Kidnapping of dissident raises fears of Syrian regime's reach in Lebanon

Eight months after Shibli Al Ayssami, 88, vanished on his daily walk in Aley in Lebanon, his family calls for help to trace former the vice president who went into exile in 1966.

Speaking at her home in Aley last year, Rajaa Sharafeddine said her missing father, 88, inset picture, was no longer active in politics.
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ALEY, LEBANON // On a warm May afternoon last year, Shibli Al Ayssami left his house in the Lebanese mountain town of Aley and set off on his daily stroll.

The plan was to walk an hour-long route along the winding country lanes to the home of his daughter, Rajaa Sharafeddine. He never made it.

Eight months later, the 88-year-old Syrian dissident is still missing.

But, his family said they know where he is and who is responsible.

"Everybody knows that the Syrians took him, but there is no material evidence to prove it," said Mrs Sharafeddine, sitting in the living room of her apartment overlooking the Aley hills.

"Yes, of course, I believe he is in Syria." a 53-year-old mother of three.

Mr Al Ayssami is one of several Syrians who have gone missing in Lebanon in the past year and whose disappearances remain unsolved. Syria has denied involvement. But the apparent kidnappings have raised fears about the Syrian regime's reach inside Lebanon.

Opposition activists believe a dozen Syrian nationals have been kidnapped in Lebanon in the past 12 months.

Human Rights Watch has documented cases involving four individuals, including Mr Al Ayssami. Nadim Houry, the international rights group's Beirut director, said he believed the main issue has been an almost systemic reluctance on the part of the Lebanese judiciary to prosecute crimes that appear to be politically motivated.

"What we do know is that the Lebanese judiciary is failing in investigating these cases," said Mr Houry.

"This is not necessarily a government issue of [the governing coalition] March 8 versus [the opposition alliance] March 14. It is an institutionalised unwillingness of the state and the judiciary that goes into deep freeze the second the motivation for any crime is suspected to be political."

Although Syrian troops left Lebanon in 2005, the country still wields significant influence over its smaller neighbour.

The March 8 coalition is led by Hizbollah, a group that remains a staunch ally and protege of the Syrian government. On the other side of Lebanon's political divide, members of the March 14 bloc have spoken out in support of the uprising that began in March last year to bring down the Damascus regime.

In October, a detailed report by Lebanon's police chief, Major General Achraf Rifi, that was leaked to the media, drew links between the kidnapping of Mr Al Ayssami and the disappearance of three Syrian brothers.

The controversial report implicated Lebanese police with ties to the Syrian Embassy in Beirut.

While investigations continue, little progress has been made in either case.

The Jassem brothers disappeared in February last year, a couple of weeks before anti-government protests started in Syria. One of the brothers was seen distributing leaflets in Beirut against the Syrian regime. He was arrested soon after, before the other two disappeared.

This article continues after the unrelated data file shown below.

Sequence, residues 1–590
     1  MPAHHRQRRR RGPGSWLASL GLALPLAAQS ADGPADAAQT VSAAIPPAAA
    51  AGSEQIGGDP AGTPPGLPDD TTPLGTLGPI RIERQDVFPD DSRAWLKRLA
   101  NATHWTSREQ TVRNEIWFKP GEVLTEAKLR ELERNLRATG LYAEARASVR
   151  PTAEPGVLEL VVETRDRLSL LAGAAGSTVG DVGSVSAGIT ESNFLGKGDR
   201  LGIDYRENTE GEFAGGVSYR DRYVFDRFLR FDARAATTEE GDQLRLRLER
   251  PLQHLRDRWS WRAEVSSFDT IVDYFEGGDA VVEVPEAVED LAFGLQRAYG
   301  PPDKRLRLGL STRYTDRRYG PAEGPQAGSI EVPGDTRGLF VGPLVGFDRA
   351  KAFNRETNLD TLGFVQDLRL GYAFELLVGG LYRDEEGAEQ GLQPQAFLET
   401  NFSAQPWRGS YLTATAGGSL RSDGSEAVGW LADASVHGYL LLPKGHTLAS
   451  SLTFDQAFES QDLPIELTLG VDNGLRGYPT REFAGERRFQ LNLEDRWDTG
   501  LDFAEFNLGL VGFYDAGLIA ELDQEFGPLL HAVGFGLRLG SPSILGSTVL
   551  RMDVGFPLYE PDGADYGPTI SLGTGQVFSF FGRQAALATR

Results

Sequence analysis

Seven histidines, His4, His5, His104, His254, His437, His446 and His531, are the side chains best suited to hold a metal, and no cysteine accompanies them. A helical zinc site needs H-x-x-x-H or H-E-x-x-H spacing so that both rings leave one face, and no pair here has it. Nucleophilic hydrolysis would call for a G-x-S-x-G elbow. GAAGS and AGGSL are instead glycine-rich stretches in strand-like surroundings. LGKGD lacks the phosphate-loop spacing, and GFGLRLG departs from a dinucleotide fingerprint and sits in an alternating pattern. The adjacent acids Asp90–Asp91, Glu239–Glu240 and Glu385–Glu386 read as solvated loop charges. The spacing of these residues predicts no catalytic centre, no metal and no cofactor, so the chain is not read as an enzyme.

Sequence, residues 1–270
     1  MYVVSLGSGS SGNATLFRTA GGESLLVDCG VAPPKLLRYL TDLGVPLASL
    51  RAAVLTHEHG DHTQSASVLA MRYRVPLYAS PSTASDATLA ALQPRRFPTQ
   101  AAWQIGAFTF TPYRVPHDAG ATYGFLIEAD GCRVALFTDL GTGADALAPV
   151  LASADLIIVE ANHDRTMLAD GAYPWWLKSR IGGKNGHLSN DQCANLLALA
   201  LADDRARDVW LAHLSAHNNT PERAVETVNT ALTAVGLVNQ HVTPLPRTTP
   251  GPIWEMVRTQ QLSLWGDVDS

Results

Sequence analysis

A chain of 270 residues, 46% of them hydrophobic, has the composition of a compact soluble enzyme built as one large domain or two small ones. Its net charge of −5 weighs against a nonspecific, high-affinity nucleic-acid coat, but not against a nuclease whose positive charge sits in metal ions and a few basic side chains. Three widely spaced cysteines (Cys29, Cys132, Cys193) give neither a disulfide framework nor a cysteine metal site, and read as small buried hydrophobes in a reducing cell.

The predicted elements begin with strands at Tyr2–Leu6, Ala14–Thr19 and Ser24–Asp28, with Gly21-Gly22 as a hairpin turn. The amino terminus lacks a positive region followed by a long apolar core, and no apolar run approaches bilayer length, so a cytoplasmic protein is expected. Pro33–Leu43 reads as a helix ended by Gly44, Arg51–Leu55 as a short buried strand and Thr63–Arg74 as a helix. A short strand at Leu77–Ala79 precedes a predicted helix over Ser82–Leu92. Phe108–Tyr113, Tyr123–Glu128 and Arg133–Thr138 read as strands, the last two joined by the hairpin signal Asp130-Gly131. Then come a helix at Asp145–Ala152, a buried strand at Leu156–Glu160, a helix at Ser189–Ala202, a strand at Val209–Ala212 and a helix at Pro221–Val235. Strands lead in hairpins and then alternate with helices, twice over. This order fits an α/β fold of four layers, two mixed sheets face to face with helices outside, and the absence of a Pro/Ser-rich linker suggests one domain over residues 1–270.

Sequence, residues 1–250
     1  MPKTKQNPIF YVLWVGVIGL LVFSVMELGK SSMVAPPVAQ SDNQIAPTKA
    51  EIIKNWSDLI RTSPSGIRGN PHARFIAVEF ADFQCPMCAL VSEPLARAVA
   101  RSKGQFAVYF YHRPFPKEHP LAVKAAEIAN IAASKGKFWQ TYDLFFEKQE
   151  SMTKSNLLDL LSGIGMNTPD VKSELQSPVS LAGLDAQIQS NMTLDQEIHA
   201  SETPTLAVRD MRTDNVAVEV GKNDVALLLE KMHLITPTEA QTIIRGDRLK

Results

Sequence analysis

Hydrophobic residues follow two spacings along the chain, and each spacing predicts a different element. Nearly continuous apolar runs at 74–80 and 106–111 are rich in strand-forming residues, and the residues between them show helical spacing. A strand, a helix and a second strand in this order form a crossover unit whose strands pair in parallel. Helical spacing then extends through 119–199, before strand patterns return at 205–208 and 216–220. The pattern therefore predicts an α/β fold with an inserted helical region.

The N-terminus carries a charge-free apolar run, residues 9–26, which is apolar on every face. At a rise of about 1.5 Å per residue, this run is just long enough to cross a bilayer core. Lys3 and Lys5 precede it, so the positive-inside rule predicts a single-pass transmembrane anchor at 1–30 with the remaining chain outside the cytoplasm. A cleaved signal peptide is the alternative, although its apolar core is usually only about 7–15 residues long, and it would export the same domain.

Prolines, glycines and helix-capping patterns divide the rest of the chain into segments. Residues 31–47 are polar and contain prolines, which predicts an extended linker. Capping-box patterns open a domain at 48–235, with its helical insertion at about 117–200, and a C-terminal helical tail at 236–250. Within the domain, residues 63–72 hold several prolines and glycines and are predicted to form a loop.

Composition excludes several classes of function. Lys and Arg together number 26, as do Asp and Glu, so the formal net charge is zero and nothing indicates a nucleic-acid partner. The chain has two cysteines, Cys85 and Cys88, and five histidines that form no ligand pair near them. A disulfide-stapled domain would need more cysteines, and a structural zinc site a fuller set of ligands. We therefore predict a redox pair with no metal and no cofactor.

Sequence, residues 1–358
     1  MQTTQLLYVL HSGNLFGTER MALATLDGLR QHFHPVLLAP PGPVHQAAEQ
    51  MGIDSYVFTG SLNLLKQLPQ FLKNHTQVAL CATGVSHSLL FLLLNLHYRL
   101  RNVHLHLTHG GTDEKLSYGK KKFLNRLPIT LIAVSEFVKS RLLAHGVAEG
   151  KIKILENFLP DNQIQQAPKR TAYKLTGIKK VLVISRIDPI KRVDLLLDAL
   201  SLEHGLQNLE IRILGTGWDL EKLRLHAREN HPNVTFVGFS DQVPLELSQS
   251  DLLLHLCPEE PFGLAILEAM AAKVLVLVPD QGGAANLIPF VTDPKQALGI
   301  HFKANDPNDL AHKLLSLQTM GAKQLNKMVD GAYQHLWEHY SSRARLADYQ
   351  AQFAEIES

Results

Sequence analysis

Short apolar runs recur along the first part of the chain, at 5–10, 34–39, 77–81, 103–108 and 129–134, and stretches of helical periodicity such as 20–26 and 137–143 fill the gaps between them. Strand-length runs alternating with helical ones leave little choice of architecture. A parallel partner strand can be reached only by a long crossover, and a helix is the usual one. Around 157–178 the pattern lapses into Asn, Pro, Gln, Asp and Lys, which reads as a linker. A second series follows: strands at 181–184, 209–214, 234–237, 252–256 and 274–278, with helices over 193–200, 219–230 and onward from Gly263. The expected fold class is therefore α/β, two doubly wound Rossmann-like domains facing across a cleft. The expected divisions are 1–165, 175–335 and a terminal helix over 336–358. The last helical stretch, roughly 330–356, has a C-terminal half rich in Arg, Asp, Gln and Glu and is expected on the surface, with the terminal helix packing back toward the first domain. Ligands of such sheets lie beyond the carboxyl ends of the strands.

The case of Mr Al Ayssami, a member of Syria's Druze minority, is more confounding.

While he was one of the founders of the Baath party, and a former Syrian vice-president, his family said he had not been involved in politics since the early 1990s.

He also had not stepped foot inside Syria since 1966. He went into exile after President Bashar Al Assad's father, Hafez Al Assad, with whom he had political differences, came to power.

Mr Al Ayssami fled to live in Iraq and Egypt, before later dividing his time between family in Washington and Lebanon.

"It's very strange to target an old man, it's like holding a resentment from a long time ago," Mrs Sharafeddine said.

"He was not active in politics, not at all. He got tired of politics. But of course he was happy [about the uprising]. He always believed that the people would change."

After he was taken on May 24 - just five days after he and his wife Maisa arrived to Lebanon from the US - three people said they had seen vehicles with blacked-out windows driving around Aley's rural roads.

One month after the kidnapping another witness came forward to say he had seen Mr Al Ayssami bundled into one of the cars, just 100 metres from Mrs Sharafeddine's home.

The family were also told that on the day he disappeared, three cars matching the description of the vehicles seen in Aley, crossed the border into Syria.

Beyond trickles of information, including from contacts inside Syria - who two months ago said he was still alive in prison - the Al Ayssami family have little to go on.

With the investigation in Lebanon stalled, the family is now seeking international help to free him, while continuing to push the case locally. They have hired a UK-based lawyer and are appealing to the United Nations, as well as Arab and western diplomatic missions.

"We feel international pressure is the only way they can release my father," said Mrs Sharafeddine.

"I knew where my father is from the beginning, so I don't care about the tool who has taken him, I know who gave the orders. When somebody cuts my hand with a knife, I'm not going to blame the knife. I blame the man."